In the late 19th century, a German physician and physiologist, Otto Frank (1865–1944), found that the strength of left ventricular contraction increased when the ventricle was stretched prior to contraction in frog hearts [19]. In the early 20th century, this observation was further extended by an English physiologist, Ernest Starling (1866–1927). Starling found that increasing venous return, and therefore the filling pressure of the ventricle, led to increased stroke volume in the mammalian heart. The Frank-Starling law of the heart and heart mechanics emerged from Starling’s 1918 hypothesis that the mechanical energy set free in the passage from the resting to the active state is a function of the length of the fiber [20]. In order to appreciate the Frank-Starling mechanism, one must understand the biomechanics of cardiac muscle, which possesses features of both striated and smooth muscles. The ability of muscle fibers to generate force is dictated by the sliding filament model, which states that active muscle force is proportional to the amount of overlap between thin actin and thick myosin filaments within the sarcomere, the functional unit of striated muscle [21]. One of the most fundamental properties of striated muscle is that the amount of force it generates depends on its length [22]; thus, the structure-function that relates sarcomere length to active force production is the length-tension relationship, characterized by three regions on the sarcomere length-tension curve (Fig. 2). The plateau region is associated with optimal overlap with the greatest number of actin-myosin binding sites available and maximal force production. As sarcomere length increases (the descending limb), filament overlap decreases, and force is reduced. Similarly, as sarcomere length decreases (the ascending limb), actin filaments interfere with each other, resulting in rapidly diminishing force [23]. The whole muscle force generation results from the aggregate force produced by all sarcomeres. The Frank-Starling law of the heart refers to the heart’s intrinsic ability to increase systolic force and cardiac output in response to a rise in ventricular filling [24]. This occurs because cardiac muscle normally operates across the ascending limb of the length-tension curve. In other words, as muscle fibers and consequently the sarcomeres are stretched, the heart produces more force [24].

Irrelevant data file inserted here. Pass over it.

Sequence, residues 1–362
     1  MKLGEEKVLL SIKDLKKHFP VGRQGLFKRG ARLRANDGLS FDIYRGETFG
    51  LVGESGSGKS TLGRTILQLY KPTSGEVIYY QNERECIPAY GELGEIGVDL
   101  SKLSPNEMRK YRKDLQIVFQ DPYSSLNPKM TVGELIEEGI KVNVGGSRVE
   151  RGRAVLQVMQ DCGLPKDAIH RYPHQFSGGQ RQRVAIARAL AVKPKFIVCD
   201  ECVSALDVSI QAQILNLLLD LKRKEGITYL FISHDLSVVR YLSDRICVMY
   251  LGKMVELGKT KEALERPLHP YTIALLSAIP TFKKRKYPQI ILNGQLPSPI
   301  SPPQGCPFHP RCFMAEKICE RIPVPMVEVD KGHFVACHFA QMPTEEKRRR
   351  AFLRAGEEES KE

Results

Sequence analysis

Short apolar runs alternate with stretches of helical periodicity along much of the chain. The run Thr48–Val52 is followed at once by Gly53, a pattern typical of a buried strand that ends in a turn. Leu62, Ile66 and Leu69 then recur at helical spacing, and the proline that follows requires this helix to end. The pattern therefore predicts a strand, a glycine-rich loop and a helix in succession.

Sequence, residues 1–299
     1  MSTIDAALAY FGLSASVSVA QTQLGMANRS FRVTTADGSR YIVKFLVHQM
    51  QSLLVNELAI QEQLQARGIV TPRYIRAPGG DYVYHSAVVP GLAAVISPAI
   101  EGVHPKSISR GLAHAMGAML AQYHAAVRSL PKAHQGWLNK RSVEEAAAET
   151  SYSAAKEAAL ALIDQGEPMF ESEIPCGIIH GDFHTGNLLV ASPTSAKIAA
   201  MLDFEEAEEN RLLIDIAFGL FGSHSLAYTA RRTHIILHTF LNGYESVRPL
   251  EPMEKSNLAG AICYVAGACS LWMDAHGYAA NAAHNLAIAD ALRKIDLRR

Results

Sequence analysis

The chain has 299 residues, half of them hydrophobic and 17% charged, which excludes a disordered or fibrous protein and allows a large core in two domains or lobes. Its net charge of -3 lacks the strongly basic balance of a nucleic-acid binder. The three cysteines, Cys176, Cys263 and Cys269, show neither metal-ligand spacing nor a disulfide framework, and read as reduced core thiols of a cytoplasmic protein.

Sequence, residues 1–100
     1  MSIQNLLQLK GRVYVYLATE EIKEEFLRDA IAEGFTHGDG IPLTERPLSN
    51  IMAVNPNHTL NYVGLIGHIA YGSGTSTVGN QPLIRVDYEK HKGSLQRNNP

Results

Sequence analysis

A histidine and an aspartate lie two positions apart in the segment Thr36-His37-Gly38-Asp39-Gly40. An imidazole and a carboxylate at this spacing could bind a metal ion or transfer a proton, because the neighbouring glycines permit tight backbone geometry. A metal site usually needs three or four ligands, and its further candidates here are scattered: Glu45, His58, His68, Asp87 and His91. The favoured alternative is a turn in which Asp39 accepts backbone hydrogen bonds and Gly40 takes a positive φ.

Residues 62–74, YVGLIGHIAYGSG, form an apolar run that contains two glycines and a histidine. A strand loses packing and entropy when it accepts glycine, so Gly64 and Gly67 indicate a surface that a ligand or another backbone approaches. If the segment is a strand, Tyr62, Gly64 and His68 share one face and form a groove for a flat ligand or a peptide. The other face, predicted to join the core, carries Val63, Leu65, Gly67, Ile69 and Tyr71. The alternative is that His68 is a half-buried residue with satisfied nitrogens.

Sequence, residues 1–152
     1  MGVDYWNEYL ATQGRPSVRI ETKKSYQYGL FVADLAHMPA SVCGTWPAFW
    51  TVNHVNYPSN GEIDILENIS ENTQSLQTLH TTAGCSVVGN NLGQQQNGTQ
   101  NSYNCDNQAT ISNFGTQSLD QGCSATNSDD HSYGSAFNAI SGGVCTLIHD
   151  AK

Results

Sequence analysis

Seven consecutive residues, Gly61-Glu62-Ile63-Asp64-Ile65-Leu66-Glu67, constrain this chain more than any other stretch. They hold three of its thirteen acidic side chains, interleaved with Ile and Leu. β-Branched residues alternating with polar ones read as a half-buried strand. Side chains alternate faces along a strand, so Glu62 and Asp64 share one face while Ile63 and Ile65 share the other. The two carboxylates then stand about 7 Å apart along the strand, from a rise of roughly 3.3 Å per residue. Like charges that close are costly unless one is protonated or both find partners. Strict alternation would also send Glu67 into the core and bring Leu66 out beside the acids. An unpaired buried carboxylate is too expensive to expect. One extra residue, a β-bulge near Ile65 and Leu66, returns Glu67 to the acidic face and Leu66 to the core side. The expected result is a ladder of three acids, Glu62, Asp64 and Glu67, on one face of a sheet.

Figure 2 The sarcomere length-tension curve with schematic drawings of overlap of thin and thick myofilaments in the three regions of the curve. Adopted from R.L. Lieber, Skeletal Muscle Structure, Function, and Plasticity: The Physiologic Basis of Rehabilitation, third ed. The figure in the chapter is a reproduction of Figure 2-4, Ch. 2, p. 47.

As in the case of cardiac muscle, the sarcomere length at which various muscles in the body operate suits their specific functional needs and can be quite different from the optimal sarcomere length. Fecal incontinence is a pelvic floor disorder with significant detrimental impact on quality of life [25]. Unfortunately, currently available treatments for this condition are associated with high failure rates [26]. Understanding the biomechanics of the striated external anal sphincter (EAS), responsible for the continence mechanism, is important for improving treatment outcomes. In the experiments conducted in a rabbit model, it was determined the optimal sarcomere length of the EAS is 2.59 μm and that the EAS generates more force as the muscle lengthens [27,28]. Thus, analogous to cardiac muscle, the EAS operational sarcomere length is on the ascending limb of the length-tension curve. In a follow-up study, it was demonstrated that during anal sphincteroplasty, an overlap of only 20% resulted in optimal sarcomere length, corresponding to the highest force production [29]. Given that the EAS operational sarcomere length is less than the optimal length, these findings suggest that an increase in force generation can be achieved by minimal overlap and even by the plication of intact EAS. The above has important potential implications for anal sphincteroplasty, as currently the degree of overlap is arbitrarily chosen by the surgeon.